Vohwinkel syndrome, also known as keratoderma hereditarian mutilans, is classified as a palmoplantar keratoderma (PPK). PPKs exist on a spectrum from inherited to acquired and can range in their presentation. A PPK may be an isolated finding or part of a syndrome with extracutaneous involvement. Rarely, a PPK can be drug-induced or part of a paraneoplastic process. The classic Vohwinkel syndrome is a hereditary PPK associated with “starfish” keratoses on the knuckles, a PPK in a “honeycomb” pattern, hearing impairment and mutilating digital constriction bands (pseudoainhum) that often lead to autoamputation of affected digit(s).
A variant of Vohwinkel syndrome, loricrin keratoderma, presents as a honeycomb PPK with pseudoainhum with the addition of ichthyosis; deafness is not a feature of this ichthyosiform variant.
Classic Vohwinkel syndrome is inherited in an autosomal dominant (AD) fashion. It is caused by a mutation in the gap junction beta 2 (GJB2) gene located on chromosome 13q11-12, which encodes the protein connexin 26. Of note, this gene is also mutated in keratitis-ichthyosis-deafness (KID) and Bart-Pumphrey syndromes. Connexin proteins are ubiquitous throughout the human body, including the cochlea of the inner ear, and responsible for forming gap junctions, or transport channels for signaling molecules between cells. There are several human connexin disorders caused by mutations in gap junction proteins that result in deafness.
Loricrin keratoderma, the ichthyosiform variant of Vohwinkel syndrome, is caused by mutations in LOR; the gene on the epidermal differentiation complex (EDC) on chromosome 1q21 that encodes loricrin. Loricrin is a protein component of the cornified envelope, and therefore, mutations in loricrin lead to the ichthyosis that differentiates this variant from classic Vohwinkel. Because there is no gap junction protein mutation, deafness is not a feature of this variant.
Vohwinkel syndrome is extremely rare with less than 50 reported cases in the literature. Males and females are equally affected.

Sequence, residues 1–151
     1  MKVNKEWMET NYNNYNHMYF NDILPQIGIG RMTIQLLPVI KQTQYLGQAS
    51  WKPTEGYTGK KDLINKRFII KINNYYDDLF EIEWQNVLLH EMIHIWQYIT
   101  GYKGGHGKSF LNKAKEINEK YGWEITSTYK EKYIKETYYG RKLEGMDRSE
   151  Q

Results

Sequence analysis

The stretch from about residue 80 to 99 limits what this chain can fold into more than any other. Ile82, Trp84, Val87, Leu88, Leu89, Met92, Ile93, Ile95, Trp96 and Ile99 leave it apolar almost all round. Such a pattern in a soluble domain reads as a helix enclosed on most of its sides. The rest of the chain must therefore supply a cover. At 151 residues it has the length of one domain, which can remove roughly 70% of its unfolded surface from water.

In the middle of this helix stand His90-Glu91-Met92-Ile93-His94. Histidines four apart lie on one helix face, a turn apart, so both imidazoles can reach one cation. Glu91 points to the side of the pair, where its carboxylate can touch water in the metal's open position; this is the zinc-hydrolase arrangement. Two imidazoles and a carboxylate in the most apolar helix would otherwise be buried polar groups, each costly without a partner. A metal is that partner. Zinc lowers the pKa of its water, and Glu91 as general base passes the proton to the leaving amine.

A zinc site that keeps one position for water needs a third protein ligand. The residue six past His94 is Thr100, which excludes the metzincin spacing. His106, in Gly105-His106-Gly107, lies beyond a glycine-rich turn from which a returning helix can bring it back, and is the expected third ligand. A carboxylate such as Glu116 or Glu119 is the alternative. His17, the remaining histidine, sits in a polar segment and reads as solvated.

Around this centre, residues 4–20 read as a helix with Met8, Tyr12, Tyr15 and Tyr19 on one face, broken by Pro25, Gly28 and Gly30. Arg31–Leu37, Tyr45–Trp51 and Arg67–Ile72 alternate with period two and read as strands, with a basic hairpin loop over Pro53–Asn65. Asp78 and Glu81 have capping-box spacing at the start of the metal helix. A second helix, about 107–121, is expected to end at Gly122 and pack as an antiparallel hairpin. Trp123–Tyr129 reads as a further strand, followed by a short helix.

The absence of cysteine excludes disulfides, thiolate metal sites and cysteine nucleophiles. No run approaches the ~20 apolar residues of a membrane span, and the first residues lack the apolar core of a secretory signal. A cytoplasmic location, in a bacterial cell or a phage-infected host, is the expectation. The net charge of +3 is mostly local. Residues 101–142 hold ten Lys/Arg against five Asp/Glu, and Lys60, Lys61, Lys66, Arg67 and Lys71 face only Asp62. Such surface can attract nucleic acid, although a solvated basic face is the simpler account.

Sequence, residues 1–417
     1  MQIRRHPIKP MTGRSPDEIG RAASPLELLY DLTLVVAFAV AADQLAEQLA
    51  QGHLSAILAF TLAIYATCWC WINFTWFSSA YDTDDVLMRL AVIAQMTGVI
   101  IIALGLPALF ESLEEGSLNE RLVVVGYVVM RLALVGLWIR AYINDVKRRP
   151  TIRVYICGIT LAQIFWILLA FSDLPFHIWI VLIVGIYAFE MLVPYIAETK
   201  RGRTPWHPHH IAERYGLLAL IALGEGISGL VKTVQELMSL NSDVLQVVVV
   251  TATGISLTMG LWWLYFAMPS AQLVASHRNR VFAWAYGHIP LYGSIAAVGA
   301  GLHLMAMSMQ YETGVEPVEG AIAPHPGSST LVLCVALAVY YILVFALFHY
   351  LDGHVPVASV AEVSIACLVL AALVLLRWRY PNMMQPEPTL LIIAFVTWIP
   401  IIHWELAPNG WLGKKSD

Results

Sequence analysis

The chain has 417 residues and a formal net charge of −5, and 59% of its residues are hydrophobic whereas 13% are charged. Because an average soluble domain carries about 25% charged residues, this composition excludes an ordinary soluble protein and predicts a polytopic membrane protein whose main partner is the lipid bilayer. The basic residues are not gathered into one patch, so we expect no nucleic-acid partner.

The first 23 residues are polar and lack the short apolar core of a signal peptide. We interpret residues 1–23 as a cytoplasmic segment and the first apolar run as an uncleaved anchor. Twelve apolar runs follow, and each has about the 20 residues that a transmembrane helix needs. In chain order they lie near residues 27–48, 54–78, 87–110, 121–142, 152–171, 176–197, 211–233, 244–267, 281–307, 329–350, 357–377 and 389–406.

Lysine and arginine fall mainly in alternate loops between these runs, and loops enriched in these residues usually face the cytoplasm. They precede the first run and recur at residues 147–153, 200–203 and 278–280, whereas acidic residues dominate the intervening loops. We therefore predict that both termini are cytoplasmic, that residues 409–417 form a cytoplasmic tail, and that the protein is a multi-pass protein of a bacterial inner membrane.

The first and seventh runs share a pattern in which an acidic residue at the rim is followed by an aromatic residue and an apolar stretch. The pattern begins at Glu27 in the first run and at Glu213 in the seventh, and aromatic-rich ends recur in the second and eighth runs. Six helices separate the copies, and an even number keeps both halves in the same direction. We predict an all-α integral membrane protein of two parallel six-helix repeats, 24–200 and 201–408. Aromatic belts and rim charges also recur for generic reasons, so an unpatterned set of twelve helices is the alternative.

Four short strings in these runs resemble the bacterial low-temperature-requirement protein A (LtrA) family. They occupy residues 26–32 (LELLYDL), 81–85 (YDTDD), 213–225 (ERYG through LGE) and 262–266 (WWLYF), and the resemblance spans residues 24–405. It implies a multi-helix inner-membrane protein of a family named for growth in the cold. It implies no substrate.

The pathophysiology of classic Vohwinkel syndrome is in part explained by the role of connexin proteins in forming the building blocks for gap junctions. The connexin proteins that compose gap junctions are integral for the transportation of nutrients, ions, and neurotransmitters from cell to cell. Specifically, connexin 26 is found in the epidermis of palmoplantar skin, sweat glands, and cochlea. The channels formed by connexin 26 are responsible for the transport of potassium ions that convert sound waves into electoral nerve impulses and therefore normal hearing.
The pathophysiology of loricrin keratoderma, a Vohwinkel variant, can be appreciated by recognizing the role that the loricrin protein plays in the cornified envelope, and the importance of the cornified envelope in maintaining the integrity of stratum corneum. The stratum corneum is the outermost layer of the epidermis that serves as a barrier to transepidermal water loss. The stratum corneum is made up of corneocytes, and each corneocyte is surrounded by a cornified envelope “shell”. Loricrin is an integral protein of the cornified envelope. When the LOR gene is mutated, the structure of the loricrin protein is distorted and cannot make its way into the cornified envelope. This leads to transepidemal water loss and a resultant ichthyosis.
There are no specific histologic findings in Vohwinkel disease. Nonspecific findings include prominent orthohyperkeratosis (pertaining to the PPK), as well as papillomatosis.